REVIEW: Mint Julep - Broken Devotion

Kelly Kirwan

Mint Julep is the marriage of two musicians—literally. A power couple when it comes to light, hazy vocals and sweeping synths, Hollie and Keith Kenniff have spun together a dreamy followup album to their 2011 compilation Save Your Season. Giving themselves four years worth of melodic think-tank time, the two have brought their respective strengths to an album that grapples with themes of love and its either weighted or ethereal effects.

True to its title, Broken Devotion handles the highs and lows of human connection with a feather-light touch. Hollie's vocals are trance-like and wrapped around her husband's multi-faceted arrangements, and the interplay is akin to a ballet, with Keith providing the framework for his wife to gracefully interpret at the forefront. They even throw us a piece of '80s nostalgia with their cover of When in Rome's "The Promise," taking the previously earnest vocals and giving them a soothing, somewhat overcast quality. Either way, Mint Julep's reinterpretation is chock-full of atmospheric electronica and steady (but not overwhelming) percussion—which is no surprise considering this is a facet of Keith's Berklee pedigree. "The Promise" was the perfect pick to showcase the Kenniffs' merged interests in an experimental kind of shoegaze.

The album was also, in small part, a ploy to get the somewhat performance-shy Hollie to show off her vocal chords. Keith mentioned the stress that comes with composing and crafting music, and how that anxiety and pressure was alleviated in their collaboration (I know, they're sweet, cool, and still easy to stomach—not an easy feat). This LP functions as a catalog of those brainstorming years together, a sort of musical scrapbook. The fact that these two gravitated to a subject matter encapsulated by the phrase "broken devotion," however, is slightly troubling at first. But—and these may just be the rose-colored glasses talking—the Kenniffs' don't seem to have lost their affection for one another in the slightest. This seems to be a cathartic undertaking, instead of a self-prophecy.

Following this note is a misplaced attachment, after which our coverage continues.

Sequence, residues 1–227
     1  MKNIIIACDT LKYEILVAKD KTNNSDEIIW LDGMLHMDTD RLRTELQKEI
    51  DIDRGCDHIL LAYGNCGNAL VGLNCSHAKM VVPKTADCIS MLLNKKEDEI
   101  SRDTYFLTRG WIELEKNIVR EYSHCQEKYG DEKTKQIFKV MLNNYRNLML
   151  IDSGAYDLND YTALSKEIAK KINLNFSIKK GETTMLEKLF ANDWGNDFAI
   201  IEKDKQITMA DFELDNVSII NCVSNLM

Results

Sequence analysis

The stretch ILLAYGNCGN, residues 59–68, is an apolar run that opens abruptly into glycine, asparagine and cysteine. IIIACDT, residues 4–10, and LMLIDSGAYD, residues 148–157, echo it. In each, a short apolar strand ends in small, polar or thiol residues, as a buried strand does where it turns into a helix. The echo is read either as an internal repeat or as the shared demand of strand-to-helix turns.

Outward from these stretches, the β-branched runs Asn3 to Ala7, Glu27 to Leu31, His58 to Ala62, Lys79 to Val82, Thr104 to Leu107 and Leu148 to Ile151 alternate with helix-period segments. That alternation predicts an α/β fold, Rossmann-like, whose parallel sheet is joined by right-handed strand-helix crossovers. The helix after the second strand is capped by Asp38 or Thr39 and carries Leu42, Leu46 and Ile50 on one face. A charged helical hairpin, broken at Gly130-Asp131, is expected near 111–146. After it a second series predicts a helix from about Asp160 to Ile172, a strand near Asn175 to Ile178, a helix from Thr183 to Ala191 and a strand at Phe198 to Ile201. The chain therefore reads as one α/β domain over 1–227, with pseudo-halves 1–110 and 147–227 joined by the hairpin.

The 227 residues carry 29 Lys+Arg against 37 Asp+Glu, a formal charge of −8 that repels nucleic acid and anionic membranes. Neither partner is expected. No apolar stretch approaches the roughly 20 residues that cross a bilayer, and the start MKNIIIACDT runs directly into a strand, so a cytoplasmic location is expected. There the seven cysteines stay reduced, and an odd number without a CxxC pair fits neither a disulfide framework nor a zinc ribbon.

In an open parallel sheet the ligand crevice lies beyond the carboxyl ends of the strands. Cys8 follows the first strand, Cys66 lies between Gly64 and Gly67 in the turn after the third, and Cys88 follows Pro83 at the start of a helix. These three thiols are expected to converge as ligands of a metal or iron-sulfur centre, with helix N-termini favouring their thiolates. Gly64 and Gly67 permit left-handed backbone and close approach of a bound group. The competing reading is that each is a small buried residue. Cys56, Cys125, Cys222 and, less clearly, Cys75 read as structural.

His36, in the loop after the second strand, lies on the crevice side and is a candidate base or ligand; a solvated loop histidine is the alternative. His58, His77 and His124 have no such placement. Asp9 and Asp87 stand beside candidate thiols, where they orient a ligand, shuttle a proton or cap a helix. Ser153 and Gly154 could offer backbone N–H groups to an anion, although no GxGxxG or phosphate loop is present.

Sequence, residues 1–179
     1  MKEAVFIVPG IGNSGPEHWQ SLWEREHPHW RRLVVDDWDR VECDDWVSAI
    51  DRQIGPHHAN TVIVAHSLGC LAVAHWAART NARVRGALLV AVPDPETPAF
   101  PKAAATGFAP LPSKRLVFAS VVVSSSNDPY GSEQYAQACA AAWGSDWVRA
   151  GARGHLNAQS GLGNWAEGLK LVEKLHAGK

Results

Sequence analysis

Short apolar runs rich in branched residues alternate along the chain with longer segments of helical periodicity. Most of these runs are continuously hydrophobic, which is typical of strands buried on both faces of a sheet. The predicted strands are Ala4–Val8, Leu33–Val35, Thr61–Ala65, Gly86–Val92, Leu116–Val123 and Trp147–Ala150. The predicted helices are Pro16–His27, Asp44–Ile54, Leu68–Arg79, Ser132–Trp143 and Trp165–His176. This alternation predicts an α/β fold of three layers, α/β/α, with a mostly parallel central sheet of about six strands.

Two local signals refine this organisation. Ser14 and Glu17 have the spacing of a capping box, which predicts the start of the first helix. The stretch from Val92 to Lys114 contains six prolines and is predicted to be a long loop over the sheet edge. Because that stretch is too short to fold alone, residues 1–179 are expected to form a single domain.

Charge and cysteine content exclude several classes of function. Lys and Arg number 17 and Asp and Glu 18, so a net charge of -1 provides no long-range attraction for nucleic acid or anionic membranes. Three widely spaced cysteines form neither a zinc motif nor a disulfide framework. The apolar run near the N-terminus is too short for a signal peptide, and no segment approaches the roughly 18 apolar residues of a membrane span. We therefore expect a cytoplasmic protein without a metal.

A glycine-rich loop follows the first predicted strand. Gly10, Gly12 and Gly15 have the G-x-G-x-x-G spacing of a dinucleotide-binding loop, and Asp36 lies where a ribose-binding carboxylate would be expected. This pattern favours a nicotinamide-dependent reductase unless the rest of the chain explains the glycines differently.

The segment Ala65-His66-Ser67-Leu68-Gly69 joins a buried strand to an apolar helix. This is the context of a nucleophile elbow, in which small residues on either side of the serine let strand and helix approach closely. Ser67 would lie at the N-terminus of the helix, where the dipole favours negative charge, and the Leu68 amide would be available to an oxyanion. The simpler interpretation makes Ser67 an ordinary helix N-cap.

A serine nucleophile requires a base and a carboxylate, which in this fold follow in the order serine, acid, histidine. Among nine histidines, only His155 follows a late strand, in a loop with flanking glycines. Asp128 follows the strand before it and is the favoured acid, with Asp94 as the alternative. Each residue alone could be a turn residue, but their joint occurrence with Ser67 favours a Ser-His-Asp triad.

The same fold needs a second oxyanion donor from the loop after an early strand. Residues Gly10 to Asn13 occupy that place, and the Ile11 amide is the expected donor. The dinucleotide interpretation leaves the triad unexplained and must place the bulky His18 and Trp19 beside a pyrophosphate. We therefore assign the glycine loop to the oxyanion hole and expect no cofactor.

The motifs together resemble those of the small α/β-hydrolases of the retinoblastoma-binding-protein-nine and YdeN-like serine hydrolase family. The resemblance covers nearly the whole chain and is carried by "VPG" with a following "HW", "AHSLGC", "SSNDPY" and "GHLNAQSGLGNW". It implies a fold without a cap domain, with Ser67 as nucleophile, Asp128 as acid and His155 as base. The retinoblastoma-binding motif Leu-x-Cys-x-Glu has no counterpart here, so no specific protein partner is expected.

Take "White Hot Heart," which tells the tale of a frayed relationship finally coming undone. The song begins with a spacey sort of ambiance, which then quickly propels itself into a steady beat as Hollie sings, "Even when you won't let you go / You know this will pass / Even when you're hanging on / Well, you're almost at the door." The urgency of Keith's melody paired with Hollie's gentle sound captures both the intensity and exhaustion of letting go. It's a nice representation of their joint vision for Broken Devotion, and stills from the accompanying music video (a snowscape and a woman wandering in a wedding gown) look equally delicate and intriguing.

Other songs, like "Murmur," have a darker intensity, with cymbal-sounds and a faster pace, proving that the Kenniffs' can create music with a rough edge if they feel so inclined. It's an interesting dynamic to see (or rather, hear) how a partnered couple tackles the harsher fallout of romance, especially when it can come across as rather soothing. If anything, this shows that Mint Julep is more than just a quirky side project in the Kenniff household. They're a band that will likely work their way into a permanent place on your pensive chill-out playlist.